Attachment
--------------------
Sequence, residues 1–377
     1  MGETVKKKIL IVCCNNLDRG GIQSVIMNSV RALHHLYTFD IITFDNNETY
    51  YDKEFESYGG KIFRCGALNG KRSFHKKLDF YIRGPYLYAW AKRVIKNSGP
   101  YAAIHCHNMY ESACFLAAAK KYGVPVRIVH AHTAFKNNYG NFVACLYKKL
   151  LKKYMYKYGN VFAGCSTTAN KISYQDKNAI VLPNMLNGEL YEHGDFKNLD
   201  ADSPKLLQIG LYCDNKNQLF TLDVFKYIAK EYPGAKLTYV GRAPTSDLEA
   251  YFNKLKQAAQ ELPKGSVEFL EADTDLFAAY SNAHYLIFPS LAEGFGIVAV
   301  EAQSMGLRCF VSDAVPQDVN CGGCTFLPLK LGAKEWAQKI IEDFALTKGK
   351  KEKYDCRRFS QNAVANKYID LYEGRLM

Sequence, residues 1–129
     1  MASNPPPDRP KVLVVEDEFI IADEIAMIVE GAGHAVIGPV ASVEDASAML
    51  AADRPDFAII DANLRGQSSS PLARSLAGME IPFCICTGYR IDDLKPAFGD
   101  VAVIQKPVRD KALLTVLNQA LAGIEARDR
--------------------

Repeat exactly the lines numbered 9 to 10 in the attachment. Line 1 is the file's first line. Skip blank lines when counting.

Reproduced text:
   351  KEKYDCRRFS QNAVANKYID LYEGRLM

Sequence, residues 1–129